“Concussion” – A Movie Review from an Athletic Trainer’s Perspective
Share on Social Media
Posted February 12, 2016
As a moviegoer, I found “Concussion” to be very well done. The plot flowed well, did not feel too drawn out and the acting was superb. Will Smith did an excellent job portraying the main character, Dr. Bennet Omalu, taking you on his journey and making you feel what he felt. It gave insight into what was happening behind the scenes for years regarding chronic traumatic encephalopathy (CTE) before the American public was aware of the situation. The movie was produced in a way to keep all kinds of viewers engaged, science for the healthcare professionals, game footage for the sports enthusiasts. The footage shows a lot of big hits, frequently without proper technique. In terms of a cinematic experience, I was pleased with my movie choice.
However, as an Athletic Trainer (AT), how did I feel watching “Concussion?” First and foremost, I was horrified at the way ATs were portrayed in the movie. This movie focused mainly on the neuroanatomy and the discovery of CTE, not necessarily something Athletic Trainers have a role in. However, there is one scene where “trainers” are mentioned, and it is done in a rather ignorant way. The scene discusses the fact that the NFL did research prior to Dr. Omalu regarding the presence of CTE. However, the “researchers” named on the study were a rheumatologist, an equipment manager and a “trainer.” The response to that comment was, “Don’t they just tape knees?” This is a pretty large stage for our profession to be improperly represented, leaving a bitter taste in my mouth that lingers even now.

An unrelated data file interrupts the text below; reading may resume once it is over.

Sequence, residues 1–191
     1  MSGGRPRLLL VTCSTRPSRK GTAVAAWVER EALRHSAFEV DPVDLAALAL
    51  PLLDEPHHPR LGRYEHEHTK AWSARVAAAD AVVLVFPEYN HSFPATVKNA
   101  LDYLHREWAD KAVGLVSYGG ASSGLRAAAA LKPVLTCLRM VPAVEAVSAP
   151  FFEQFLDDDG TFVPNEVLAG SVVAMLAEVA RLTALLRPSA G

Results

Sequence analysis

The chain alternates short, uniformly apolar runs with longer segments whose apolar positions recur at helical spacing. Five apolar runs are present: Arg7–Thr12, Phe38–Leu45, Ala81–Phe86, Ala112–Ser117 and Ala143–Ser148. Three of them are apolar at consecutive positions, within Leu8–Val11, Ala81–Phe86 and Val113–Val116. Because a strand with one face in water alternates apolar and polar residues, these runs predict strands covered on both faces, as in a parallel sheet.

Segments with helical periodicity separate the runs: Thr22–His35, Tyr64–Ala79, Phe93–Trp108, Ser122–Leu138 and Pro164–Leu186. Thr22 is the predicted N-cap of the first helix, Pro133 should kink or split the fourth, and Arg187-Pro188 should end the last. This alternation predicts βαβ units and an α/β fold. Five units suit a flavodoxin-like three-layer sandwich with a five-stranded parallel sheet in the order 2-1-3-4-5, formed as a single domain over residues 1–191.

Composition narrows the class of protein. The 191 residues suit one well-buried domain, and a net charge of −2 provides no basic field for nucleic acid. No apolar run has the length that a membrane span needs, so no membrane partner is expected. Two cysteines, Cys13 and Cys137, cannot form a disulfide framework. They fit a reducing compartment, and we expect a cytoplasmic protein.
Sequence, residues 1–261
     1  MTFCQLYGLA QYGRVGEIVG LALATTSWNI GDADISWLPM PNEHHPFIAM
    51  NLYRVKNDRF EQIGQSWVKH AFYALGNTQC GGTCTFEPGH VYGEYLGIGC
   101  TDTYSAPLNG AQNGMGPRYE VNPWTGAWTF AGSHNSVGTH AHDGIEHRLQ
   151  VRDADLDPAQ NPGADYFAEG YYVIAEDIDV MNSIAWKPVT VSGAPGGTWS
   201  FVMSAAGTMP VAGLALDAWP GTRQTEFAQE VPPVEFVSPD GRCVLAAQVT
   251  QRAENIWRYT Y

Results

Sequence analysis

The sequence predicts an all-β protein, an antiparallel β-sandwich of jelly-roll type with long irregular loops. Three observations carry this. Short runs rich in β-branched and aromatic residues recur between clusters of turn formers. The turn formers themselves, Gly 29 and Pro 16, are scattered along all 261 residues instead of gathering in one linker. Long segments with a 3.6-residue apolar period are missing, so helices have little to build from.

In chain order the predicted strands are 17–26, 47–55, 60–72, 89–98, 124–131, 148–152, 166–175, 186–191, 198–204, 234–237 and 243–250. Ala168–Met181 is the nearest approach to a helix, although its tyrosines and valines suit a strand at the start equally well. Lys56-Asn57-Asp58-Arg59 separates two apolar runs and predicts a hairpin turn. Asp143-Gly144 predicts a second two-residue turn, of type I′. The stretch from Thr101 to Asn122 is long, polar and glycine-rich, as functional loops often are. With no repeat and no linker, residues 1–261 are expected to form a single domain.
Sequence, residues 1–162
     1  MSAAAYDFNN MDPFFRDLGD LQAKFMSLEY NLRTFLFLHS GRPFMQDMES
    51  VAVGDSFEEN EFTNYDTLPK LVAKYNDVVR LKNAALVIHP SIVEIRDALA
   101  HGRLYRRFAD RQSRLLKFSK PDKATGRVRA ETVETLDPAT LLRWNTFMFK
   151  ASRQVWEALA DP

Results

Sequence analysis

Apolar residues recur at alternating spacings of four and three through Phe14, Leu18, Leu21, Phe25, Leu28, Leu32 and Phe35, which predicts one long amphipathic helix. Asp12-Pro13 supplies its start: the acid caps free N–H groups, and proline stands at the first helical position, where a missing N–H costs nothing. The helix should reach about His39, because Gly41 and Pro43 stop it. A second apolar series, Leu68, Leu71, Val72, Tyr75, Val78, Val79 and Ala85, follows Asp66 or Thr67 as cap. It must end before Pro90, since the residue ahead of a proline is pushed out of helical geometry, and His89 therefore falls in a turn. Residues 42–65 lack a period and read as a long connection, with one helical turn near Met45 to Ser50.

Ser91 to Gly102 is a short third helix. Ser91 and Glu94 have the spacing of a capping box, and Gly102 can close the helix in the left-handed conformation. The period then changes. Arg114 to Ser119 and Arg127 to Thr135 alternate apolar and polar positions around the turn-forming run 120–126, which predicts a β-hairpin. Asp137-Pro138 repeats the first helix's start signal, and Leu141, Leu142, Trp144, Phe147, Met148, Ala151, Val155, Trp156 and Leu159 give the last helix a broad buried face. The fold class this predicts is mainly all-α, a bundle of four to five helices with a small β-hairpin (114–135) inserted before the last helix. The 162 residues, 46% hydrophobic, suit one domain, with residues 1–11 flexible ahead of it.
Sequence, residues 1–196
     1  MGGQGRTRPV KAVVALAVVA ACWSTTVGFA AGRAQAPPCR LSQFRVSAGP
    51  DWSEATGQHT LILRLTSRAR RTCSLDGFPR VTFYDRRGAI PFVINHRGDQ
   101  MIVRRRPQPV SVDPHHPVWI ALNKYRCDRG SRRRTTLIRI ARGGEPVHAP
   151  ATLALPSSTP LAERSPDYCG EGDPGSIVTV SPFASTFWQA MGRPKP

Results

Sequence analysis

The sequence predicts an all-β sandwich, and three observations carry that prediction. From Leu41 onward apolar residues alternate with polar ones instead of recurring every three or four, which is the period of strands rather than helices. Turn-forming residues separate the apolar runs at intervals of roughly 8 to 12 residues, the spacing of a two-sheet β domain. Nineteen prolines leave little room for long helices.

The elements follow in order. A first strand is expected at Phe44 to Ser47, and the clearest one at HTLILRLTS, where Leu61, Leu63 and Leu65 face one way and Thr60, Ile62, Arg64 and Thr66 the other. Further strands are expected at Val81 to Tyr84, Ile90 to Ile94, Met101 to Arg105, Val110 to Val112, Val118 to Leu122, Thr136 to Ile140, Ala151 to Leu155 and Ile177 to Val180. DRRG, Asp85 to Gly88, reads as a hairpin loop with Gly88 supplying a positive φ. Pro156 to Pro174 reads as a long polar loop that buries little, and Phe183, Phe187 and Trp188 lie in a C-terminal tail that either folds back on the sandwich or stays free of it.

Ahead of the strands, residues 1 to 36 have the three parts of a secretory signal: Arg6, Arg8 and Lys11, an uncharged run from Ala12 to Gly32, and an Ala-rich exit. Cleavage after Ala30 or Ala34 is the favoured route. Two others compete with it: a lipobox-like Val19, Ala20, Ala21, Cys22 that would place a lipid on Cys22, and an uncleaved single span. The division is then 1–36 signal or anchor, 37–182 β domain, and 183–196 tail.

The impressions I took from this movie span far beyond that one scene though. This movie made me feel a variety of emotions: sympathy, anger, fear and confusion to name a few, alternating throughout the scenes. The person I saw the movie with, a non-healthcare professional, after the movie said, “I wish they had given us more information about what’s been learned since this all started.”
What I realized is that there aren’t a lot more answers right now, but rather that more questions have developed with time and research. How many years of impacts might cause CTE? Does it matter the level of sport played (high school vs. college or professional sports)? Does it matter if consciousness was lost? Are we doing the right thing to prevent this in our concussion recovery programs? Will these concussion return protocols prevent CTE?
I could probably fill an entire page with questions. There is one I’m still asking myself: Is this movie enough to convince high school kids of the real danger that concealing concussions could have long term